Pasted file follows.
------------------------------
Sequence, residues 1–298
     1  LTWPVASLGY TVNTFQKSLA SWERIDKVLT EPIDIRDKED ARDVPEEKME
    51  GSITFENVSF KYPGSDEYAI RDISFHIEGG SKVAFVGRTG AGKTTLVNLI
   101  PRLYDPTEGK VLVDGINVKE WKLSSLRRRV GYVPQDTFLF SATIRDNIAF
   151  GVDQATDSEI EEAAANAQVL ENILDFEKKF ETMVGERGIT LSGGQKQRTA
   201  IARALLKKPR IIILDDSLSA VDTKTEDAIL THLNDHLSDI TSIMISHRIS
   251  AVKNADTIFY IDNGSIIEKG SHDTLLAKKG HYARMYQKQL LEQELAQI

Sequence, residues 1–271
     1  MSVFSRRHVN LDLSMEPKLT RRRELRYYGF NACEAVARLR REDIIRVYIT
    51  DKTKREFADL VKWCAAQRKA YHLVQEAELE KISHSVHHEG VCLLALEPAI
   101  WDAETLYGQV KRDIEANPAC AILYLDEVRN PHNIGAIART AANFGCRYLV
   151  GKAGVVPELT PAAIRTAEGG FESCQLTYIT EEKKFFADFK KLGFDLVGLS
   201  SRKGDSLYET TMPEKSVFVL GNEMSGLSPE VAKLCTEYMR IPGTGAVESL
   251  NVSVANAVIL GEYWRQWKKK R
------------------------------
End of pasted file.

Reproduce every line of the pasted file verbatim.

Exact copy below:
Sequence, residues 1–298
     1  LTWPVASLGY TVNTFQKSLA SWERIDKVLT EPIDIRDKED ARDVPEEKME
    51  GSITFENVSF KYPGSDEYAI RDISFHIEGG SKVAFVGRTG AGKTTLVNLI
   101  PRLYDPTEGK VLVDGINVKE WKLSSLRRRV GYVPQDTFLF SATIRDNIAF
   151  GVDQATDSEI EEAAANAQVL ENILDFEKKF ETMVGERGIT LSGGQKQRTA
   201  IARALLKKPR IIILDDSLSA VDTKTEDAIL THLNDHLSDI TSIMISHRIS
   251  AVKNADTIFY IDNGSIIEKG SHDTLLAKKG HYARMYQKQL LEQELAQI

Sequence, residues 1–271
     1  MSVFSRRHVN LDLSMEPKLT RRRELRYYGF NACEAVARLR REDIIRVYIT
    51  DKTKREFADL VKWCAAQRKA YHLVQEAELE KISHSVHHEG VCLLALEPAI
   101  WDAETLYGQV KRDIEANPAC AILYLDEVRN PHNIGAIART AANFGCRYLV
   151  GKAGVVPELT PAAIRTAEGG FESCQLTYIT EEKKFFADFK KLGFDLVGLS
   201  SRKGDSLYET TMPEKSVFVL GNEMSGLSPE VAKLCTEYMR IPGTGAVESL
   251  NVSVANAVIL GEYWRQWKKK R